We have come to depend on the garbage disposal as the workhorse of the kitchen. Invented in 1927 by John Hammes, the garbage disposal has remained fairly consistent in its design but has increased in use to the point of becoming a required appliance in just about every kitchen. The following guides will give you all the information you need to select and install new a disposal, use your disposal properly, and even troubleshoot problems and make common repairs to your unit.
01 of 07
The garbage disposal is mounted to the underside of a sink and is designed to collect solid food waste in a grinding chamber. When you turn on the disposal, a spinning disc, or impeller plate, turns rapidly, forcing the food waste against the outer wall of the grinding chamber. This pulverizes the food into tiny bits, which then get washed by water through holes in the chamber wall. While disposals do have two blunt metal "teeth," called impellers, on the impeller plate, they do not have sharp blades, as is commonly believed.
02 of 07
Your garbage disposal is different from your actual garbage can. Not all food scraps and liquids are meant to be poured into your disposal. To prevent clogs and disposal jams, it's important to learn what foods are best left for the trash and what the garbage disposal is meant to be used for. In general, you should not put in tough or fibrous food scraps, potato peels, grease and oil, and pits and other hard objects.
03 of 07
A little troubleshooting of common garbage disposal problems can save you hundreds of dollars in service calls or an unnecessary purchase of a new unit. Most disposal problems are related to jams. A jammed disposal is easy to fix, but ignoring a jam and repeatedly restarting the unit can burn out the motor.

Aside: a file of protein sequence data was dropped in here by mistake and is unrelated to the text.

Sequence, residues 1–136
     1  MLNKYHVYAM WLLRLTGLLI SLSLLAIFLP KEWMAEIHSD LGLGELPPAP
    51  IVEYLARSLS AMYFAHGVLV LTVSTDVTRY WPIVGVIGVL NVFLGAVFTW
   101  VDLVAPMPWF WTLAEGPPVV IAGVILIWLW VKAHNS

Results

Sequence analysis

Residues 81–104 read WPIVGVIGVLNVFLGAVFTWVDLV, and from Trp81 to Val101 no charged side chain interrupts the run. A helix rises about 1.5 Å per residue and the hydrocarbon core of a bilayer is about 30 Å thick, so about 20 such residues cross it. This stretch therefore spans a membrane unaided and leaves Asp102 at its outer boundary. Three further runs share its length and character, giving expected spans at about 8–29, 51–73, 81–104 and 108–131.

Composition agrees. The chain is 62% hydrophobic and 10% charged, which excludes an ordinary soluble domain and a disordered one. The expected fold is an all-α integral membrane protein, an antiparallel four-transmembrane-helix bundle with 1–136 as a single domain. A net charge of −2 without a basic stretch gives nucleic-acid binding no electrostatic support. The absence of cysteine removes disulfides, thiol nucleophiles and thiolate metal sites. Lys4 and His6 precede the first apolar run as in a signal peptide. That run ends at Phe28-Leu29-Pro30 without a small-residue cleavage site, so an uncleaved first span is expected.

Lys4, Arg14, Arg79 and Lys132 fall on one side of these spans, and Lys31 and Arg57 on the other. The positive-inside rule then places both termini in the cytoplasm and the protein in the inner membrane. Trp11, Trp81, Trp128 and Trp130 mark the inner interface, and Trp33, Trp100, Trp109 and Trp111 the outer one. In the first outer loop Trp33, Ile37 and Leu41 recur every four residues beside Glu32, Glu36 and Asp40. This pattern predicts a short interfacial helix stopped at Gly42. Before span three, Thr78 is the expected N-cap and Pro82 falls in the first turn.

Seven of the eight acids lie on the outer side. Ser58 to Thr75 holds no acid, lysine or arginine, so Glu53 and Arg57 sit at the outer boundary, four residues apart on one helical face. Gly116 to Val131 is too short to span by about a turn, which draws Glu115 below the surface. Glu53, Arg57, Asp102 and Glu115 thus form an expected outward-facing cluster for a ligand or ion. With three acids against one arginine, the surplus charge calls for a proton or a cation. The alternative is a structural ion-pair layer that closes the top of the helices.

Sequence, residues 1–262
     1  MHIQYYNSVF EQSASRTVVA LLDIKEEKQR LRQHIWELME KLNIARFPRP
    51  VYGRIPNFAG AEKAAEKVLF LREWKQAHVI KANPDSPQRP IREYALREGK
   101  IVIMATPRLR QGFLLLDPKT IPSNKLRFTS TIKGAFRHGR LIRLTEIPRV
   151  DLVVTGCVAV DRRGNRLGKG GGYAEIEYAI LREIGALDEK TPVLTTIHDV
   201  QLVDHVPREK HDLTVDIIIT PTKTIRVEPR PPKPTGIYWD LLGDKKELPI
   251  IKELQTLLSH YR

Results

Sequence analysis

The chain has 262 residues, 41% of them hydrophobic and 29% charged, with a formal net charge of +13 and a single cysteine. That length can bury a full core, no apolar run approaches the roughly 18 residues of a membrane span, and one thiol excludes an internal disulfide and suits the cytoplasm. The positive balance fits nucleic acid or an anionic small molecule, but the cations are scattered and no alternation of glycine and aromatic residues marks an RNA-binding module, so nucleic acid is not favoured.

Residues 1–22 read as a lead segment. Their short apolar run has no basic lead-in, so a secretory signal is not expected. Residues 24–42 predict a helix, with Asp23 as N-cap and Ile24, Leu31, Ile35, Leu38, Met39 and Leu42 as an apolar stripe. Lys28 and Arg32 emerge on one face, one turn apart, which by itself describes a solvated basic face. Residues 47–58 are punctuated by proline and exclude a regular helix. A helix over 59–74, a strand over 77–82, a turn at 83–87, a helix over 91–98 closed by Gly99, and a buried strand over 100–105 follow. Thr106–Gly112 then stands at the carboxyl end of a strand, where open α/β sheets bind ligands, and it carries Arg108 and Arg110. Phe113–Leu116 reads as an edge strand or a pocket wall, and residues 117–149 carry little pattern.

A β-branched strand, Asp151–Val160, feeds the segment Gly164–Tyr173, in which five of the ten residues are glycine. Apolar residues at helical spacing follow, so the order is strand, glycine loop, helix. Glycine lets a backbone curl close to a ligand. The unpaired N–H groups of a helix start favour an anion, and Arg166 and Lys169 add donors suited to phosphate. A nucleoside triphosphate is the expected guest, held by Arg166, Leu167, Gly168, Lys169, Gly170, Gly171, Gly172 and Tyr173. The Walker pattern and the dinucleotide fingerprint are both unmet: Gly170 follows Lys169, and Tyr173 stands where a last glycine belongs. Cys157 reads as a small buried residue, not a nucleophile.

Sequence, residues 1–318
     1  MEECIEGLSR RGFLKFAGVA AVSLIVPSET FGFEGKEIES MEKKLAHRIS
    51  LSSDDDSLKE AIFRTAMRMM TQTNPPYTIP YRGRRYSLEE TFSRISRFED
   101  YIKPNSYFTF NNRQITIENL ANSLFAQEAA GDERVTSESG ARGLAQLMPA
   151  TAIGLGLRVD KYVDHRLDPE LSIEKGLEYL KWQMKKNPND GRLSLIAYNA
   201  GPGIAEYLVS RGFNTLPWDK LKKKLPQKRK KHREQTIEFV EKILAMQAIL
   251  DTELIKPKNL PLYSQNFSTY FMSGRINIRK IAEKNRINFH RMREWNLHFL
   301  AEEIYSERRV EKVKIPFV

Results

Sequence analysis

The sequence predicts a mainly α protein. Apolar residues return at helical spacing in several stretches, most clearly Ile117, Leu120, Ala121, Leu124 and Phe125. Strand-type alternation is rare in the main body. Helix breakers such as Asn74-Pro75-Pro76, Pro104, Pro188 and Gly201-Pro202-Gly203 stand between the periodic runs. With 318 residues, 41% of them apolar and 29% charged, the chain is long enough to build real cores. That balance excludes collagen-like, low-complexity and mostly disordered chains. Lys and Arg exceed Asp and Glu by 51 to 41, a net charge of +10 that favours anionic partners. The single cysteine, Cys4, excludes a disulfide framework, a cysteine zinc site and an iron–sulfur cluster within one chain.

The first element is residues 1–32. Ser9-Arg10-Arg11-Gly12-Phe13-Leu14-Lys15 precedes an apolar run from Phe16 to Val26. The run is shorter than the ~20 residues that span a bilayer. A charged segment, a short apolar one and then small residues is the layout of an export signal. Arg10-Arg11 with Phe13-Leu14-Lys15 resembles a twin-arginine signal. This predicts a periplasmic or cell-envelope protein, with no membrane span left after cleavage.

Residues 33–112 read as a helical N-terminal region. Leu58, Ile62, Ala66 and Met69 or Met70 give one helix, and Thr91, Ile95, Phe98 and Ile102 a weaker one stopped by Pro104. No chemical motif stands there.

04 of 07
Clogs are most often caused by improper foods, such as grease, potato peels, or hard-to-grind foods going down the disposal. Clogs can occur in the disposal itself, but usually, they appear in the drainpipe downstream of the disposal. The best way to prevent clogs is to keep problem scraps out of the disposal and put them in the trash instead. Also, remember to keep it clean.Continue to 5 of 7 below.
05 of 07
Choosing a new garbage disposal can be as simple or as detailed as you'd like to make it. You can head out to your local home center or appliance store and pick up a standard model that will most likely serve your needs just fine. On the other hand, you can research the latest additional features offered on some disposals, such as fancy stainless steel grinding chambers or extra insulation for sound reduction, and narrow it down to a model with just the right bells and whistles.
06 of 07
Installing a garbage disposal is fairly straightforward but does require some very basic plumbing and electrical wiring skills. Most handy-ish homeowners can install a new disposal in a few hours.
07 of 07
Removing a garbage disposal is necessary if you are going to replace a sink or a failed garbage disposal. With many disposal models, you can quickly release the motor unit (the heavy part) from the sink assembly and set it aside to simplify the rest of the disassembly and removal.
All situations are different, so if you're researching garbage disposals, pay close attention to the outlets, power supply, and other specific details of your sink and kitchen set-up. These details will determine what kind of garbage disposal you might be able to get, and how simple (or difficult) installation and repairs will be.
Goldwasser, Samuel. Notes on the Troubleshooting and Repair of Small Household Appliances and Power Tools. University of Pennsylvania. 2018.